clock menu more-arrow no yes

Filed under:

Rudy Gobert’s blocks are down but he has never been better as a player

New, comments

Protecting the rim is far from the only thing the Stifle Tower brings to the table

NBA: Utah Jazz at New Orleans Pelicans Stephen Lew-USA TODAY Sports

When the casual NBA fan or, heck, even the casual Utah Jazz fan thinks of Rudy Gobert, he/she doesn’t imagine him on offense. You, the reader, picture Rudy Gobert. Yes, right now. What’s he doing? Odds are, he’s reaching out his unnaturally long arms to reject yet another shot from some poor, unsuspecting fool who dared challenge the Stifle Tower.

Blocking shots is kind of Gobert’s thing. It, among other things, won the Frenchman the Defensive Player of the Year award last season even though he didn’t qualify for the blocks per game leaderboard because he only appeared in 56 games.

However, this season Gobert has seen a decline in his block totals and averages. After peaking at 2.6 BPG average two seasons ago, Gobert’s blocks have decreased to 2.2. Still formidable, but by the Gobert Standard, it could wind up being his second-worst season in terms of blocks if he slows down any more.

Yet, even with his blocks slowly declining, the 2018-19 season is almost unquestionably the best season Rudy’s ever had.

As of his last game against the Pelicans, Gobert is putting up career-highs in points (15.5), rebounds (12.9), assists (2.1), steals (0.8). He’s also only committed a mere 1.6 turnovers per game, the lowest of his four seasons averaging 30-plus minutes per game.

No player analysis would be complete without telling you how many other players have matched or exceeded each of those stats Gobert has put up. The answer is 12. And the only player on that list that isn’t a Hall of Famer (or well on their way) is Chris Webber. Throw in a final qualification of having less than 2.5 turnovers per game and that short, 13-player list is whittled down to one player: Rudy Gobert.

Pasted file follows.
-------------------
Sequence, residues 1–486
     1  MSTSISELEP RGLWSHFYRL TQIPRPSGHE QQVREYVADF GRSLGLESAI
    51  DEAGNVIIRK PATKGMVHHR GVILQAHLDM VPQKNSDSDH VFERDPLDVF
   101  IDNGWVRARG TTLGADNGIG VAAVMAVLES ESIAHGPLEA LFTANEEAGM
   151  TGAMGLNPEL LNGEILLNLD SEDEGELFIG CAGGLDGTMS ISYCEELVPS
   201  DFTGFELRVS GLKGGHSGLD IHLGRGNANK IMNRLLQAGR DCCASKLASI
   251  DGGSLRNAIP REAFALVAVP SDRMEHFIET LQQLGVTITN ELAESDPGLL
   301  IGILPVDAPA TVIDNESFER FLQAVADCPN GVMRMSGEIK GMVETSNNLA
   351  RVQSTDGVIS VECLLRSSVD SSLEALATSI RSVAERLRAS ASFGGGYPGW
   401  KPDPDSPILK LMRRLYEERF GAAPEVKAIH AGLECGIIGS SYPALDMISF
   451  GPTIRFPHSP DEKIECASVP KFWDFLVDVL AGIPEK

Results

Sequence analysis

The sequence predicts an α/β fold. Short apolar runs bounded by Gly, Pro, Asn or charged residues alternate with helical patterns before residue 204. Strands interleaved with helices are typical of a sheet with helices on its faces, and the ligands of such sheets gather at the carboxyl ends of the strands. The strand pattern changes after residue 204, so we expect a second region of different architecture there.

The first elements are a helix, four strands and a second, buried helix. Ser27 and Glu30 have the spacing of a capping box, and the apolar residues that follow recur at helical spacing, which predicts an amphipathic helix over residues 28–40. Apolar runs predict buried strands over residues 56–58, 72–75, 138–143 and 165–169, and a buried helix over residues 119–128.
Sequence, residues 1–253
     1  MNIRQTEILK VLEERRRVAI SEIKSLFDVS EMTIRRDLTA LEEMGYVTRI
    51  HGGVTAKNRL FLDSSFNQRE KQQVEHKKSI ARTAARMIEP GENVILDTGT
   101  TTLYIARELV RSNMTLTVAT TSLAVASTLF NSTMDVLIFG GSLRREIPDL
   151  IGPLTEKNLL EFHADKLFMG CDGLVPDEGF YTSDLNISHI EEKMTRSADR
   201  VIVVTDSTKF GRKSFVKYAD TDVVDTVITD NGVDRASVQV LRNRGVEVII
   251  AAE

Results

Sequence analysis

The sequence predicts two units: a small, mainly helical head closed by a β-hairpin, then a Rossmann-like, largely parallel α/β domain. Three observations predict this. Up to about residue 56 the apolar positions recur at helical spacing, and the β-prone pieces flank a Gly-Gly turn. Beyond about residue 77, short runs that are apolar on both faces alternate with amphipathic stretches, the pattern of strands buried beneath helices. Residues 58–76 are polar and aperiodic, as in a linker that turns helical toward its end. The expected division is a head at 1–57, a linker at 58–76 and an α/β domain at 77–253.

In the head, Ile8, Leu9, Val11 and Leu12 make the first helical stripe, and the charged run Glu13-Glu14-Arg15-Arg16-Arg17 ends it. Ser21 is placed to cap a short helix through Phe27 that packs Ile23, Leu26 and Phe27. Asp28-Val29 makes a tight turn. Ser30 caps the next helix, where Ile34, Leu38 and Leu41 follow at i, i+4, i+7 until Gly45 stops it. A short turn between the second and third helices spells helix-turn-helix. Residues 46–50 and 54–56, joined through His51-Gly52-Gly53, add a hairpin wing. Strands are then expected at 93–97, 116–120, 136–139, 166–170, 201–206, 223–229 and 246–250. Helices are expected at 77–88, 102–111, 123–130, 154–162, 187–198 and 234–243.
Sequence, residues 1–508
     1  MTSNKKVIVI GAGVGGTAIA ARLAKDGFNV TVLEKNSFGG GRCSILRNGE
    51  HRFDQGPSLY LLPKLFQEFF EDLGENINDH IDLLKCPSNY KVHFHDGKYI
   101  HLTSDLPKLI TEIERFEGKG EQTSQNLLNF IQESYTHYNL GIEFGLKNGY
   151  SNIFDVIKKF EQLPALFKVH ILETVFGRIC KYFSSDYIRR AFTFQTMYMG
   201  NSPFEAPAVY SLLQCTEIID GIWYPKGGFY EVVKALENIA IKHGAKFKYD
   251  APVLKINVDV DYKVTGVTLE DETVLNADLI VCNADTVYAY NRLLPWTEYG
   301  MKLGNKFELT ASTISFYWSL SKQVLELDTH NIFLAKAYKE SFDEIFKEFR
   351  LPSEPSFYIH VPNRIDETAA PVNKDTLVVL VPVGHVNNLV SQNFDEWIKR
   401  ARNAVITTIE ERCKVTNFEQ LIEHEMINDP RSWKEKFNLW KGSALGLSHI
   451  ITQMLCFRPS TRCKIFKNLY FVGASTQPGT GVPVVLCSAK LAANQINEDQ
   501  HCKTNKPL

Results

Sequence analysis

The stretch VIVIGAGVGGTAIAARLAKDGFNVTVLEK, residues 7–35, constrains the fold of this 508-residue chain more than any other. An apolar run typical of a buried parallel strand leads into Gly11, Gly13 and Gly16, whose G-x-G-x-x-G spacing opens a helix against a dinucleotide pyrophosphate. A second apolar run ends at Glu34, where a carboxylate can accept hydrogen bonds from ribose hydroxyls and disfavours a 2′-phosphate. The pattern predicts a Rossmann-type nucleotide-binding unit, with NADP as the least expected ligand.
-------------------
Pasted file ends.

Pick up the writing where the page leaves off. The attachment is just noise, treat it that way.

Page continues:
Going back to the discussion on blocks, it’s easy to argue that Gobert hasn’t taken any significant steps back defensively despite the decline. Andy Bailey has already drawn up a case for him to be just the ninth player to win back-to-back DPOYs (he also dipped his toe into the Gobert for MVP waters a while back).

It’s hard to say he’s improved as most metrics show an ever-so-slight decline in many areas from this season to last. But that’s going from the elite of the elite to only mostly elite of the elite. Cleaning the Glass puts the Jazz as the second-best defensive team in the league and it’s once again very much thanks to Mr. Gobert.

That leaves us with Gobert’s offense. Most of the Twitter world or at least the “points per game” Twitter world repeat the same drivel about him not being good on offense. That doesn’t account for Gobert’s 131.7 offensive rating, second only to Dwight Powell, or his not-too-shabby Offensive Real Plus-Minus rank of 11 among centers.

Just looking at his ability as a roll man in the pick and roll helps one appreciate the offensive prowess of Gobert. Among players with at least 100 possessions roll man this season, Gobert ranks first in free throw frequency, and third in scoring frequency and field goal percentage. He’s an elite rim-rolling center capable of throwing down dunks at any time or just laying it in if he feels like it.